24/05/21
24/05/21

G20 seeks to ease climate funding to cities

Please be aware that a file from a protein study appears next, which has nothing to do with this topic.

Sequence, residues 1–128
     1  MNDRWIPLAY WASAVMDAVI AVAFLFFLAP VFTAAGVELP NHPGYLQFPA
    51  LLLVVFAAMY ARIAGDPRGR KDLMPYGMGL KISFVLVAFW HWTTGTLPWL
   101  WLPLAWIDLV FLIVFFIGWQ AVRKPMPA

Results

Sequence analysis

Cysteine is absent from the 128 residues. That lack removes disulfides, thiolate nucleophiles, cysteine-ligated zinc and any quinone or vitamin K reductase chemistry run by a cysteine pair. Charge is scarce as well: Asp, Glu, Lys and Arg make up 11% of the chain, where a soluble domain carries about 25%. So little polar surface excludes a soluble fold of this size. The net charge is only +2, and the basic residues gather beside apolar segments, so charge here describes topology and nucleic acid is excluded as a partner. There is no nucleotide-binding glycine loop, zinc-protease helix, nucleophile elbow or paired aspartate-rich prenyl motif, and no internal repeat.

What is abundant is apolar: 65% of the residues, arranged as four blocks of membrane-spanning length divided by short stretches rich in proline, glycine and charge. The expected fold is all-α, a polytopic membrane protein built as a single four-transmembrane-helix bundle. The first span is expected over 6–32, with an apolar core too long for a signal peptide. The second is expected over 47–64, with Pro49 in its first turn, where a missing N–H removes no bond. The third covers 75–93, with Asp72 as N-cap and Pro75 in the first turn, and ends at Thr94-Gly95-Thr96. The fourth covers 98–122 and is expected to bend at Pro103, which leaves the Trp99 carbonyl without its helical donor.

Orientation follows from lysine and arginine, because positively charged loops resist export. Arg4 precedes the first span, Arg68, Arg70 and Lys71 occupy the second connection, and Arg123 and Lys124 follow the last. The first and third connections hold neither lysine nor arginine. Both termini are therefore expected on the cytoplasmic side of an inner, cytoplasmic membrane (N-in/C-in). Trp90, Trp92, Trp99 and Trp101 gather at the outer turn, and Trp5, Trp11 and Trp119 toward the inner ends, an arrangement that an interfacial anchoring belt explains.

Sao Paulo, 21 May (Argus) — Climate funds need to make it easier for countries and especially individual cities to access resources, a G20 working group said in Brazil today. Experts, representatives of G20 member countries and financial organizations gathered in Rio de Janeiro to discuss ways to leverage financing to face extreme climate events. The two-day event was hosted by the G20 — which Brazil presides over this year — the country's finance minister, global network Finance in Common (FiCS) and the Brazilian NGO climate and society institute (iCS). Delegates agreed that climate funds — especially the green climate fund, the adaptation fund, the global environment facility fund and the special climate change fund, which will hold a combined $30bn in the next five years — need to allow better access for cities to combat climate change. That means easing bureaucracies and identifying bottlenecks, according to Ivan Oliveira, deputy secretary for sustainable development at Brazil's finance ministry. Guaranteeing funding for climate projects can take many years, Oliveira said. But "climate change requires climate funds to deliver quickly," he added. FiCS' chairman Remy Rioux — who is also the chief executive of France's development agency — pointed to the different accreditation processes for different climate funds as hindering climate financing. A single accreditation process would ease access, he added. "We will do our best to find innovative financial solutions for climate resilience and resilient infrastructure," he said. Climate projects should also be able to tap into multiple funds more easily, Oliveira said. Rioux also called for the creation of an international guarantee fund to back individual national banks should they need resources to combat climate change. Additionally, local governments should be able to deal directly with climate funds, instead of having to work through the federal government, he added. The director of Brazil's development bank Nelson Barbosa also noted that a lack of financial guarantees and exchange rate volatility hinder banks and country's ability to access climate funds. The G20 working group will present a report with suggestions to address these issues in July, in Belem — the capital of northern Para state — Oliveira said. The city will also host Cop30 in 2025. Rio Grande do Sul Brazil's federal government is discussing a line of credit to southern Rio Grande do Sul state, which has been hit by heavy rainfall and historic flooding since late April, Barbosa said. "A special line of credit will be needed for reconstruction," he said. "We already have lines for adaptation and mitigation and now we have to think about lines to take care of losses and damages. Reality has arrived, and development banks have to deal with the effects of the climate." But he did not give further specifics on the measures. On Monday, President Luiz Inacio Lula da Silva called for the creation of an international fund backed by "people that pollute the planet" to aid Rio Grande do Sul. He has in the past called on rich nations to fund global efforts to mitigate climate change. Rains in Rio Grande do Sul have left 161 people dead, 85 missing and over 581,600 people displaced, according to the state's civil defense. Rebuilding the state will cost over R19bn ($3.7bn), according to the state government. By Lucas Parolin Send comments and request more information at feedback@argusmedia.com Copyright © 2024. Argus Media group . All rights reserved.